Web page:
"Though Taliban leaders pursue political and economic goals, but a number of Taliban militants are fighting for religious reasons, and it's impossible to disarm them, offering money, housing, food and other material goods," Ramazan Bashardost, Afghan MP and an Independent Candidate in the upcoming Presidential Elections told Trend.
He said one and a half year ago, based on President Karzai's promises, a number of Taliban fighters and even some of their leaders were disarmed. However, Karzai's promises remained unfulfilled, and the disarmed Taliban fighters have not yet received the promised financial assistance. Therefore, according to Bashardost, the Taliban won't believe the President's promises any more.
"At present there are 11 million unemployed in the country, and President Karzai even can not provide citizens with jobs. How will he provide the Taliban fighters with jobs?", Bashardost, Afghanistan's former Planning Minister asked. "All livable places in the country are in mafia's hands, and it is unclear how Karzai can provide the Taliban fighters with accommodation."
After nine years of international forces' presence in Afghanistan, the situation remains critical. Despite the world community's assistance in the amount of billions, Afghanistan remains almost the poorest country in the world. Some 12 million people (from the total number of 26 million) live below the poverty line.
During Karzai's power, who is president from 2001, level of drug trafficking in Afghanistan has increased compared to the period of Taliban's governing (1996 - 2001). He failed to suppress the armed resistance of the Taliban fighters, and the real power in the country remains in the hands of warlords. Over the past 20 years the country has been wallowed in corruption.
According to the International Council on Security and Development, Taliban now holds a permanent presence in 80 percent of Afghanistan's territory (mostly in South and South-East of the country), while in November 2008 their presence was only on 72 percent of the country and in 2007 - on 54 percent.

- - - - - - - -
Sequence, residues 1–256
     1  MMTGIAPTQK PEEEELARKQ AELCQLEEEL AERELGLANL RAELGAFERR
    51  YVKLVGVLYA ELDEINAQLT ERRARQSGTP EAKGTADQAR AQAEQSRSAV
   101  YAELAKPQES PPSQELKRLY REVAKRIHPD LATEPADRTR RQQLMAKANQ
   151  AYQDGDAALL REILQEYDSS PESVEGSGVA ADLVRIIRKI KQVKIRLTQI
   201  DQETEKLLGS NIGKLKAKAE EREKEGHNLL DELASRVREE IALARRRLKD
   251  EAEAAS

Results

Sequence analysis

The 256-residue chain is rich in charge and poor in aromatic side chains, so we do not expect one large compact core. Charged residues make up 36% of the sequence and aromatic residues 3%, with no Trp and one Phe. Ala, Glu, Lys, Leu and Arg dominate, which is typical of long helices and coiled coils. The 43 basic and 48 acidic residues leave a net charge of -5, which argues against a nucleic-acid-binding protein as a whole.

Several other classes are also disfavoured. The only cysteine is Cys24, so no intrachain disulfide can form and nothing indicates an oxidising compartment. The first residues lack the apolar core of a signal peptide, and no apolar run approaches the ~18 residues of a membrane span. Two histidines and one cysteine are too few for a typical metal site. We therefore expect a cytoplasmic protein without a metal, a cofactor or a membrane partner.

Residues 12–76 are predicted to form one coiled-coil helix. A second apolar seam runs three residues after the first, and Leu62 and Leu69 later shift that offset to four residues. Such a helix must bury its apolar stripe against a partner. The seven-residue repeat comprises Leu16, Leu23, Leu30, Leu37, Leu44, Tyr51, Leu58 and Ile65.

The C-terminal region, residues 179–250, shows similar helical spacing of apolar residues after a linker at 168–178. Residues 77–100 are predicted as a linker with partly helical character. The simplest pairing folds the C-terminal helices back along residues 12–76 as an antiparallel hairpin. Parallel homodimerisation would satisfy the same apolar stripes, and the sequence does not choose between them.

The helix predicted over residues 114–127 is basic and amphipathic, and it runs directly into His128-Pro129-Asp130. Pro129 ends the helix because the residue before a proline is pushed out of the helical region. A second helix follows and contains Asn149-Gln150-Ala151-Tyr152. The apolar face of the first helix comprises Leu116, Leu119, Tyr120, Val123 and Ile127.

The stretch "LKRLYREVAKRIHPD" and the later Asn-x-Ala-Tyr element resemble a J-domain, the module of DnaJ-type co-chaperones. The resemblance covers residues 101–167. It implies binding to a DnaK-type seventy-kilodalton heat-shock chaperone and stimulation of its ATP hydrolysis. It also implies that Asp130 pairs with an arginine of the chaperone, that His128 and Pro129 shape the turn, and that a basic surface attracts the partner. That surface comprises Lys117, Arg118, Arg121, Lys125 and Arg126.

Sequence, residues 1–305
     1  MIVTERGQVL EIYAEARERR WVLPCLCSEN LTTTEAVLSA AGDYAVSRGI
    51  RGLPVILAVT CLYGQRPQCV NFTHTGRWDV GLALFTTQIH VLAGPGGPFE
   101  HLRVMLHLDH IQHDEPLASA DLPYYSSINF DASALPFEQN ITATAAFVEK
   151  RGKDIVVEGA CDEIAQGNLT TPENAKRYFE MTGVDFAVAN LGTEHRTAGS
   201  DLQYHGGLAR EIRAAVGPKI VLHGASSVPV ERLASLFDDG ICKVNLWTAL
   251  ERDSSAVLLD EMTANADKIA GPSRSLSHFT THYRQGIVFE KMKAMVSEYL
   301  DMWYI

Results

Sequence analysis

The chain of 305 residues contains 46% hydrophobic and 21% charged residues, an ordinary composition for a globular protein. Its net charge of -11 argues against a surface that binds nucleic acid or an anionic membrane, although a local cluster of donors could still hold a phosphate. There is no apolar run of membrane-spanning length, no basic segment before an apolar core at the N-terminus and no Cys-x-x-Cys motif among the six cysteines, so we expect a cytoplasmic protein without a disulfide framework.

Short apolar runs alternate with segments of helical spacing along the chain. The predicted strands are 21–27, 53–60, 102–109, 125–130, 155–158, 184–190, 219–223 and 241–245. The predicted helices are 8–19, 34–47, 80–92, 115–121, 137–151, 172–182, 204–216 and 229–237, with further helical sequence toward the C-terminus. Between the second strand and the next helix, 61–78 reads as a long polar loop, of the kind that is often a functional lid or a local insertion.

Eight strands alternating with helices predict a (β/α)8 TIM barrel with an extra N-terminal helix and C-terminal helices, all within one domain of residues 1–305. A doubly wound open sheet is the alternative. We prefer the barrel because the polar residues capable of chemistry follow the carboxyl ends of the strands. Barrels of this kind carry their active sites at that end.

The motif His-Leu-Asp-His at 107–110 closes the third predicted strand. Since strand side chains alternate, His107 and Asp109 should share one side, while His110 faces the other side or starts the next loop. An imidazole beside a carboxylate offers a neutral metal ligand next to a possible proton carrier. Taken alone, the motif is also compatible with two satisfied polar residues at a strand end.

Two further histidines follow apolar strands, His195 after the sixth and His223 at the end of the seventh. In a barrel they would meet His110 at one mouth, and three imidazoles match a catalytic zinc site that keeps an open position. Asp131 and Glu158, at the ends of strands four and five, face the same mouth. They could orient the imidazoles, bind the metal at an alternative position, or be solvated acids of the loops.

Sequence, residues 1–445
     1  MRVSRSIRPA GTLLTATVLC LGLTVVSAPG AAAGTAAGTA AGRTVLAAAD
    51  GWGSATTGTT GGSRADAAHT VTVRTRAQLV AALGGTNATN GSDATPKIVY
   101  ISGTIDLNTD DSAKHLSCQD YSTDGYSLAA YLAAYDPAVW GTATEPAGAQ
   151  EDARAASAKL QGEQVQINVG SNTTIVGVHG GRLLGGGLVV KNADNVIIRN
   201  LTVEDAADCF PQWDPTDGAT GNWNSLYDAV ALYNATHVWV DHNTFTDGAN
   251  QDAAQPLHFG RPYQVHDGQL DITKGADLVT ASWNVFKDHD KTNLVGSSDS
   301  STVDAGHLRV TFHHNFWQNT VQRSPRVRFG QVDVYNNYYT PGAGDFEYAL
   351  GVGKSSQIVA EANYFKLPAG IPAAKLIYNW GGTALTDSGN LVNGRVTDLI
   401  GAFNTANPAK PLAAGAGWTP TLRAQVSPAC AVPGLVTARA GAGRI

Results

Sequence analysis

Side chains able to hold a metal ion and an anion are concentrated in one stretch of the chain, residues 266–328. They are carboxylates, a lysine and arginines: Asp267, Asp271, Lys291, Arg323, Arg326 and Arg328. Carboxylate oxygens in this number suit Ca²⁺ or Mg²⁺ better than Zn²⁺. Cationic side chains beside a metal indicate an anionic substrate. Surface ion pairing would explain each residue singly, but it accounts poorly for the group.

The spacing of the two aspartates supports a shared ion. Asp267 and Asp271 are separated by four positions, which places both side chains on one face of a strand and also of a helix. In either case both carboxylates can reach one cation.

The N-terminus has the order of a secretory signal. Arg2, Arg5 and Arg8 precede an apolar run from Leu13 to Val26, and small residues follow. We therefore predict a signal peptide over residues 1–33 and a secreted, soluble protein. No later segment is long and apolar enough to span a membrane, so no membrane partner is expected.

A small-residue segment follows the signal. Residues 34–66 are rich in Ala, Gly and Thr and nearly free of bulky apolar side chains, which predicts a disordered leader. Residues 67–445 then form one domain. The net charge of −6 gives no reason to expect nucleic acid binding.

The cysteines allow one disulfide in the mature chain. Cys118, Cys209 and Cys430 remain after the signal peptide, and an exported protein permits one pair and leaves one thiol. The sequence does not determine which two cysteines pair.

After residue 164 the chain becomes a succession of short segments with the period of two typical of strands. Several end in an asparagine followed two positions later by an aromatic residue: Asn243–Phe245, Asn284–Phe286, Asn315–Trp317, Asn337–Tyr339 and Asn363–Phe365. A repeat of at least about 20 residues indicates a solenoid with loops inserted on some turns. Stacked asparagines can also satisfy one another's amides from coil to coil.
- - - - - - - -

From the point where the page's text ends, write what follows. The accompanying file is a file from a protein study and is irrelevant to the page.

Trying to drive a wedge between moderate and extremist factions of the Taliban is a sound strategy provided it is carried out with sufficient resources, in a sustained manner, and based on domestic support, Christian Tuschhoff, expert on Afghanistan believes.
"However the strategy will fail, if the moderate Taliban believe that their cooperation will not be rewarded over extended periods of time, but expose them to the extremists before they are capable to defend themselves," Tuschhoff, Political Science Fellow at German Otto-Suhr-Institute told Trend.
He said the strategy also requires that the West is both willing and able to outspend the Taliban. Currently, this is not the case. According to Tuschhoff, Taliban fighters receive more money than the Afghan policy and security forces officers.
Community of the Western countries, which are financial donors of humanitarian aid and international military mission in Afghanistan, are becoming increasingly dissatisfied over the allocation of funds and human resources for the Afghan campaign, which for nine years has led to the deaths of thousands of soldiers and did not achieve its goals.
D.Khatinoglu contributed to the article.